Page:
#173 | Posted by madbomber at 2020-01-06 03:53 PM | Reply

"As a side, I'll get a 1099 this year. Not sure what the big deal is."

Is is the quarterly tax that's no big deal, or the penalty for not paying quarterly tax that's no big deal, or "All Of The Above?"

#174 | Posted by snoofy at 2020-01-06 03:54 PM | Reply

"That's because independent contractors have full control over the sale of their labor"

1099's aren't subject to non-compete agreements?

#175 | Posted by snoofy at 2020-01-06 03:54 PM | Reply

"It's a 1099 beard. Really saves me big $$$ overhead, nah mean nam sayin' JeffJ!"

You seem to be implying that employing independent contractors is a way of raking in the cash.

When my wife was a fitness instructor, she toyed with the idea of placing a bid on the contract herself. And the a little bird gave her the current contract. The current contractor was making about $1500 in profit for the whole year.

It wouldn't have even been worth the effort.

#176 | Posted by madbomber at 2020-01-06 03:55 PM | Reply

"Is is the quarterly tax that's no big deal, or the penalty for not paying quarterly tax that's no big deal, or "All Of The Above?"

I don't know. Ask me in a few weeks...when I do my taxes.

What I can tell you beyond any shadow of a doubt is that I never paid a dime in quarterly taxes on my wife's income. I never got a bill. Never paid a penalty (that I know of). And my tax person never ever mentioned a need for me to pay a quarterly tax. I've not been audited yet. Just settled up at the end of the year.

#177 | Posted by madbomber at 2020-01-06 03:59 PM | Reply

"1099's aren't subject to non-compete agreements?"

My wife's wasn't...when she was considering on bidding on the contract. And since many, many drivers use both Lyft and Uber, I think it's safe to say there is no non-compete agreement there.

#178 | Posted by madbomber at 2020-01-06 04:01 PM | Reply

#173

from wiki -
Minimum wage legislation emerged at the end of the nineteenth century from the desire to end sweated labor which had developed in the wake of industrialization.[20] Sweatshops employed large numbers of women and young workers, paying them what were considered nonliving wages that did not allow workers to afford the necessaries of life.[21] Besides substandard wages, sweating was also associated with long work hours and unsanitary and unsafe work conditions.[22] From the 1890s to the 1920s, during the Progressive Era, a time of social activists and political reform across the United States, progressive reformers, women's organizations, religious figures, academics, and politicians all played an important role in getting state minimum wage laws passed throughout the United States.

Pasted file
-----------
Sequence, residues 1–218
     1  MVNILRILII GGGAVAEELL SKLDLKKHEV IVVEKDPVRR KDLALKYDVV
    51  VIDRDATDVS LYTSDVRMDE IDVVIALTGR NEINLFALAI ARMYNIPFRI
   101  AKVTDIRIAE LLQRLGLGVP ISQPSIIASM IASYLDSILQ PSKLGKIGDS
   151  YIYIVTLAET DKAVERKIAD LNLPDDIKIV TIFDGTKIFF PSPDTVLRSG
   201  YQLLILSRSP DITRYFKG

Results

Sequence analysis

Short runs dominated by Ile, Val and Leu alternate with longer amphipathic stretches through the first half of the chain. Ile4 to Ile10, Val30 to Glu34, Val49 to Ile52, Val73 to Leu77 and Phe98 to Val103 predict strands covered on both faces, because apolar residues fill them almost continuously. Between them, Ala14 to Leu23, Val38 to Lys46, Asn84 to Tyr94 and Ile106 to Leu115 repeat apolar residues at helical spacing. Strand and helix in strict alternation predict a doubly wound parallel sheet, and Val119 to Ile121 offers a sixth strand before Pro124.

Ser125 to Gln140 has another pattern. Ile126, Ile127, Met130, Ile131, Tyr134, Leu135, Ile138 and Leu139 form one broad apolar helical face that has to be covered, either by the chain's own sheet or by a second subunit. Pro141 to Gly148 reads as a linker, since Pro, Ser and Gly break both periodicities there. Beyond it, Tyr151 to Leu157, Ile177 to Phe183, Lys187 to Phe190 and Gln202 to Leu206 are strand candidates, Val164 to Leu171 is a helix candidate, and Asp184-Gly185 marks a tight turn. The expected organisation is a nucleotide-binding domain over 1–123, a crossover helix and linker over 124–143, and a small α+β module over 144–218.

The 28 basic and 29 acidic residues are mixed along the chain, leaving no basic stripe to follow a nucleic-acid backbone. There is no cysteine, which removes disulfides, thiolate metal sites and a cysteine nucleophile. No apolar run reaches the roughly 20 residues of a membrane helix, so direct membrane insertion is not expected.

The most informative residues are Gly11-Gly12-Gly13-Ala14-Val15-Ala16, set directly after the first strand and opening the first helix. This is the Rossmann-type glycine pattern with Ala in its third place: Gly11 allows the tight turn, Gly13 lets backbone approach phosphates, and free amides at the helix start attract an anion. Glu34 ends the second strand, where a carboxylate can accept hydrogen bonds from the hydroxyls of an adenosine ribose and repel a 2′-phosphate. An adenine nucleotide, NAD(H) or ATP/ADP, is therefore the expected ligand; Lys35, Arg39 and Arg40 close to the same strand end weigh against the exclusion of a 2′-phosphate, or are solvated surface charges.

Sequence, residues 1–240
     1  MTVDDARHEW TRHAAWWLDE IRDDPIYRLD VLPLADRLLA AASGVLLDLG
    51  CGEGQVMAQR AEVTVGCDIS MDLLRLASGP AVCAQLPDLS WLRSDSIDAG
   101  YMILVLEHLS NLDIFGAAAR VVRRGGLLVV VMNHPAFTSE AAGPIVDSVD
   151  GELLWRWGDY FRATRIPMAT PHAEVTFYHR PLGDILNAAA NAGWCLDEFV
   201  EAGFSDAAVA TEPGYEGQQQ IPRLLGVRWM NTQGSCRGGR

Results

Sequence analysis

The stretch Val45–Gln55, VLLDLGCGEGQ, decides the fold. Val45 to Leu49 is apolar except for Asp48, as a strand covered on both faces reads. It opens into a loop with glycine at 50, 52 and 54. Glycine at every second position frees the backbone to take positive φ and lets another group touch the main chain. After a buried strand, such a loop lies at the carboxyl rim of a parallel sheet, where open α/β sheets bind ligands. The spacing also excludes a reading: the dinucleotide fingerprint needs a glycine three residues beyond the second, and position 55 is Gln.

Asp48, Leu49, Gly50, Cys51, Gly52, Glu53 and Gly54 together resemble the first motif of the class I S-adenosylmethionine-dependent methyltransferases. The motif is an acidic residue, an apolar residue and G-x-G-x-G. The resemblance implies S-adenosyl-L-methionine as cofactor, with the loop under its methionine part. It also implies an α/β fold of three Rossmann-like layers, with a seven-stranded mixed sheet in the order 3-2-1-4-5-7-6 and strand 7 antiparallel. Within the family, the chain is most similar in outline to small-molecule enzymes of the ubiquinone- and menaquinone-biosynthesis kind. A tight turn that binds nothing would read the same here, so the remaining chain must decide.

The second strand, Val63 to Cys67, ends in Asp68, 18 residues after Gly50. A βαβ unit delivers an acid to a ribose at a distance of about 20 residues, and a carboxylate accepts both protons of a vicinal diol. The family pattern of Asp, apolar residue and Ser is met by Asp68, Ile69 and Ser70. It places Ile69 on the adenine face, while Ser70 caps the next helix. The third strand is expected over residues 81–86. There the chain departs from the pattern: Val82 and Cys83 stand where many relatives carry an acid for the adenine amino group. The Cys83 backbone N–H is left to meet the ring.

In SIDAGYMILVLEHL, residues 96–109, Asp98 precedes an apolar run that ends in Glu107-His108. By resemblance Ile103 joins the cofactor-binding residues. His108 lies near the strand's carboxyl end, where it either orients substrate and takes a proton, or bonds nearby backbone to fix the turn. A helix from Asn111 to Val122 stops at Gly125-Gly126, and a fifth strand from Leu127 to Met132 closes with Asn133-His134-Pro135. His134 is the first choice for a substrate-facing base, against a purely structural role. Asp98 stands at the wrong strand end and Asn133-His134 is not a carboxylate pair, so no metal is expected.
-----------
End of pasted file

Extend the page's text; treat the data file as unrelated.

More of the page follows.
I wonder why the workers chose to work in sweatshops for wages that couldn't sustain them?
They should have just kept walking down the street to find something that paid a bit more scratch.

#179 | Posted by schifferbrains at 2020-01-06 04:01 PM | Reply

Your post can be summed up thusly (if I'm reading it wrong, please clarify): You want to criminalize part-time work and independent contractor work; kill the gig economy.

Jesus Christ dude, you're such a ------- idiot.

#180 | Posted by JOE at 2020-01-06 04:03 PM | Reply

Don't we have exchanges for folks to sign up for health insurance now? Wasn't that the greatest thing since sliced bread?

That meant folks didn't have to be saddled with employment where they hated their job....now they have the freedom to go out on their own and start a business without the burden of healthcare.

But the same people championing that still whine when someone still doesn't get something. It's always going to be the same whine....."someone else owes me my healthcare"

#181 | Posted by eberly at 2020-01-06 04:04 PM | Reply

I said "if a worker meets the definition of employee' set forth by the California Supreme Court they should be treated like an employee." Jeff translates that to the worthless talking point "you want to criminalize part time work." There is zero point in talking about anything with somebody this stupid.

#182 | Posted by JOE at 2020-01-06 04:05 PM | Reply